Love notes for "The Perversion of Christ"

(Fan mail in reaction to my article "The Perversion of Christ:" http://movies.groups.yahoo.com/group/noelmoviereviews/message/427 )


From Carl P Pal (cruiser66@lycos.com):


read your critique of "The Passion of the Christ" in Business World's Friday edition.  Sobra naman dude ang review mo (Your review's over-the-top, dude). Parang pinersonal mo a (Looks like you took it personally). Pero kahit na ano pang pagdadakdak ang gawin mo kesyo (But no matter if you say things like) "wraps righteousness around his cloak" "cynically marketed", etc, winner pa rin ang movie (the movie's still a winner).  Hundreds of million enjoyed the film both as a cinematic event and a spiritual retreat.  Hindi ko nga alam kung bakit ka pa pinag aksayahan ng panahon ng Business World para i-print ang kagaguhang review mo (I don't know why Businessworld wasted its time printing your asshole review).  It's the worst piece of writing I've read next to Tiktik.  But you're right, hundreds of millions of dollars which you'll never have, several academy awards in the horizon (which you could never dream about), and a mark in history whether religious or cinema (which definitely you will not have). So sinong panalo ditto (So who's the winner)?  Si pareng Mel pa rin di ba (Buddy Mel, right)?  Galling-galling pala ang movie ha. E ang pinagsususulat mo ang galling.  Mahiya ka naman sa Diyos (Movie's great, it's what you wrote that's galling. You should be ashamed before God).  The movie was a personal commitment of the  director. ikaw, makaisip ka kaya ng ganung klaseng masterpiece (you, can you think up of that kind of masterpiece)? Ha?


Nga pala, I have a few Israeli friends from the International School.  They did not feel offended at all. There you go.

Cannes vs. Oscars

From pinoyexchange, discussion arose from news that Babae sa Breakwater (Woman of the Breakwater) was accepted into Cannes' Director's Fortnight:

the films in competition have not been screened yet to the general public

The films in both Competition and Director's Fortnight must make their world premieres in Cannes. This rule can be broken, but if I recall not often. Babae sa Breakwater has had its commercial run in Manila.

I can't even remember the last time that the winner of the Palm D' Or also went on to win top prize at the Oscars.

A lot of times it's simply because the film is a foreign film and usually ends up in the Foreign film category. But a Cannes win is not nothing; it carries a lot of weight in the Oscars--if not to win, at least to nominate.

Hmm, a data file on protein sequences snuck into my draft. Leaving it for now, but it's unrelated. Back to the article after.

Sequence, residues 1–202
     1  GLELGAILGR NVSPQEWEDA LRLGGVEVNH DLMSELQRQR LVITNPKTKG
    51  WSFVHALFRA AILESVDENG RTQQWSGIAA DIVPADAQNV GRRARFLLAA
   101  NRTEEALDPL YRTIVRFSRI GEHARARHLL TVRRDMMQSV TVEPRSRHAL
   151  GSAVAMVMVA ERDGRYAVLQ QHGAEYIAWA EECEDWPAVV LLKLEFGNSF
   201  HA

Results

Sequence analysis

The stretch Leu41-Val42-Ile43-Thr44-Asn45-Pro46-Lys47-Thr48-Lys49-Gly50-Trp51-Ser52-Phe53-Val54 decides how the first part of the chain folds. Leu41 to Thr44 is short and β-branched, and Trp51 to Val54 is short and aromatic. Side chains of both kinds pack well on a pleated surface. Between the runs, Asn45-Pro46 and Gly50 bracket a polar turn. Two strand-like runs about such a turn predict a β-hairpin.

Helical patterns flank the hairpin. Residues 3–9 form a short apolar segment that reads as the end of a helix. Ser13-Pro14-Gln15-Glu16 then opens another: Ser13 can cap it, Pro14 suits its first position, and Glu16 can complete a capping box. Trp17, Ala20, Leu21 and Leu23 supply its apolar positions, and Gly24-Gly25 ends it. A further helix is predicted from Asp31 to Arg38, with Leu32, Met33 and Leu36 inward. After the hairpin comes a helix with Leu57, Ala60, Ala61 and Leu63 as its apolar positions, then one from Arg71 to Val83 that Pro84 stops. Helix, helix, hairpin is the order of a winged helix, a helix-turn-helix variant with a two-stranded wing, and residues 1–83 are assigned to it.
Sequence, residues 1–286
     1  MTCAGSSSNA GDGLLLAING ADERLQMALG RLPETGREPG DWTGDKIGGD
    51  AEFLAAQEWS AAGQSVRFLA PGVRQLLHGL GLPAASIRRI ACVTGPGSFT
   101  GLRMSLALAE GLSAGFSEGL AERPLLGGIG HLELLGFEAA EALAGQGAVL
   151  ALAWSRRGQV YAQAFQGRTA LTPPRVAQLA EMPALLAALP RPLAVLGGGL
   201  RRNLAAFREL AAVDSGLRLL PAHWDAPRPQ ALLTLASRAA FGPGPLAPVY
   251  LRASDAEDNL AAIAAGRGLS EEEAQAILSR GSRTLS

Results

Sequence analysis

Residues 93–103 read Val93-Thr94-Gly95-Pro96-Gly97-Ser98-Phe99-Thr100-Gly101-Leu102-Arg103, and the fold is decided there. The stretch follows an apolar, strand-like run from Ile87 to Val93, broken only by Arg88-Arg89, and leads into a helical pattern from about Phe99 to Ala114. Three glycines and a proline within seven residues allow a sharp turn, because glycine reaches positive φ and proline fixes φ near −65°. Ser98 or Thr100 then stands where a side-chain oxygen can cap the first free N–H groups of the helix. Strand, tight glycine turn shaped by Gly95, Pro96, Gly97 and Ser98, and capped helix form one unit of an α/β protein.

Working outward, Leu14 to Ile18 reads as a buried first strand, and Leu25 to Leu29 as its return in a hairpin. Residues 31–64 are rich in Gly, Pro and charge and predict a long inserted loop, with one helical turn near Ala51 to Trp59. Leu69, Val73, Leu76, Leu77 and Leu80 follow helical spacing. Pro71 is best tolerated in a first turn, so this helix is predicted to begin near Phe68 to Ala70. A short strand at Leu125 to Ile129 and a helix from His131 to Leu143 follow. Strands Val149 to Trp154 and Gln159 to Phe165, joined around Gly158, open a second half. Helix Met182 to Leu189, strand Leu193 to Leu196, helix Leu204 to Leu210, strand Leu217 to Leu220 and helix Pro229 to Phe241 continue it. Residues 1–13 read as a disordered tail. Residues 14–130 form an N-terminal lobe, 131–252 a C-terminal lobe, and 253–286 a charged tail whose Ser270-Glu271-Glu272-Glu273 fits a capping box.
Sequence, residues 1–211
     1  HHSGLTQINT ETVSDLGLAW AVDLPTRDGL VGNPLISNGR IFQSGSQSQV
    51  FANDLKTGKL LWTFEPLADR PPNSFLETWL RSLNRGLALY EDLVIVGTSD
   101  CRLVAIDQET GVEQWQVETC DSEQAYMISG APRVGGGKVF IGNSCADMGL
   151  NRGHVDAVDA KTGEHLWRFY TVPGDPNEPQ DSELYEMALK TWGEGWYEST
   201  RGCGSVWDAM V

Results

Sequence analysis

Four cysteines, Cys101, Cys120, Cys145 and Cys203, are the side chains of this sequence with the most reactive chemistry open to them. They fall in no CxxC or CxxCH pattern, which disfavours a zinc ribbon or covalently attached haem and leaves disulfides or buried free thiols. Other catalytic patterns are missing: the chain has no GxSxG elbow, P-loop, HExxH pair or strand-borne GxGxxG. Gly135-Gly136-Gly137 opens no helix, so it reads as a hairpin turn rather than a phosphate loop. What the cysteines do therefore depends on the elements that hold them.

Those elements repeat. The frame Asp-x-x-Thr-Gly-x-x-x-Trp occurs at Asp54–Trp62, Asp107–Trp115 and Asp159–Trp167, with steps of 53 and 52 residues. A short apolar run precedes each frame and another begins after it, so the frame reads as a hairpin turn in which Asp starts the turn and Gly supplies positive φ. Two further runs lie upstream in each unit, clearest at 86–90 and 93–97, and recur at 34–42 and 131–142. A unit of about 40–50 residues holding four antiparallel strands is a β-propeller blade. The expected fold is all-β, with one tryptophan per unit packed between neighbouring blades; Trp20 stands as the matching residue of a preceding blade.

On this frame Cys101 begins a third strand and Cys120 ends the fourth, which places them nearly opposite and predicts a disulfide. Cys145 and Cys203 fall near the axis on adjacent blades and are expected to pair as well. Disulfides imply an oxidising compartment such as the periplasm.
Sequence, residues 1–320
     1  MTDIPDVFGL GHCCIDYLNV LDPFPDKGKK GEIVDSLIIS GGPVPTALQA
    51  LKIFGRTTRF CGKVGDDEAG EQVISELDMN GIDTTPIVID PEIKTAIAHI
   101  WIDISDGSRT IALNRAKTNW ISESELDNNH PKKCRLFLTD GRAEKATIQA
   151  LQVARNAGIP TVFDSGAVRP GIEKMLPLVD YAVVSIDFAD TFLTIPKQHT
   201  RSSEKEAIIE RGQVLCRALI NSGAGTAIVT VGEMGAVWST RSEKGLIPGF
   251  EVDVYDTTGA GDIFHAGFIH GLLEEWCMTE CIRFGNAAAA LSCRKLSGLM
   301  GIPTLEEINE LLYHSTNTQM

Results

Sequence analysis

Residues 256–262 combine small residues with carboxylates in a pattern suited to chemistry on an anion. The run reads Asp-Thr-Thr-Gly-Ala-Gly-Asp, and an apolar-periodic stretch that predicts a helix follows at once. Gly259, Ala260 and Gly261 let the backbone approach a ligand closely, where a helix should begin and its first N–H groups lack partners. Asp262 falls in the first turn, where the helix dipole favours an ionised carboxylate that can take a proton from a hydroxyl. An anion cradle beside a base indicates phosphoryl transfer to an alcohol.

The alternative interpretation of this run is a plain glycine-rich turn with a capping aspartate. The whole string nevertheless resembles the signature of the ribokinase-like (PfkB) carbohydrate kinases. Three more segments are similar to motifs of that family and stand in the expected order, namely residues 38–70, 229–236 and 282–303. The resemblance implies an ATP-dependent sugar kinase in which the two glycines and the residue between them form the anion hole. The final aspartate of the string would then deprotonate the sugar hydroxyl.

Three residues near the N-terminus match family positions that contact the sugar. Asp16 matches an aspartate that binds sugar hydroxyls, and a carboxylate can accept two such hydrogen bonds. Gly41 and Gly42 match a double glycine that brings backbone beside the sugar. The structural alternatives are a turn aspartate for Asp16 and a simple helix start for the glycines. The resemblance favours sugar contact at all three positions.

I don't know the numbers, but I'm pretty sure that the number of films which are submitted are significantly less than what the Oscars consider

3,562 feature films and shorts were submitted to Cannes, up from an average of a thousand in the late '90s.

The nominees for Best Foreign Film for the Oscars 2004 were decided from a list of 54 films.

Each country must decide itself which film to send to the Oscars for consideration (different from Cannes, where any producer can send his film); in the case of the Philippines, the Film Academy sent Munting Tinig (Small Voice). Not very, uh, never mind...

I get estimates of 250 to 255 films submitted to the Academy voters each year for consideration for Best Picture, but I can't vouch for the accuracy of that figure (edit--I found out; 254 films were submitted in 2003).

Edit: that's only for Best Picture Oscars, of course, while the above 3,000 plus films (1,325 feature films from 85 countries) are the entire figure for Cannes. And that bit about a screening committee holds--but I don't know that a screening committee is any less valid than the Oscar style of sending 254 names out to its five-thousand-plus members for consideration.

Last year's crop of films in competition was not spectacular

That's true; there was The Brown Bunny. But you should have seen the Oscar Best Picture nominees...


A Child is Waiting

Saw the other night A Child is Waiting, which pairs Burt Lancaster with Judy Garland (?), in a film about special children directed by John Cassavettes (?!). Stanley Kramer produced, and he took away the movie from Cassavettes to produce his own final cut.

Kramer probably put in his own scoring too--the music cuing is standard Hollywood message movie sudsmaking. Aside from the understated performances (from Garland, from Lancaster), and the use of real Down Syndrome and autistic children and a few intriguing handheld shots, you'd hardly know it was Cassavettes.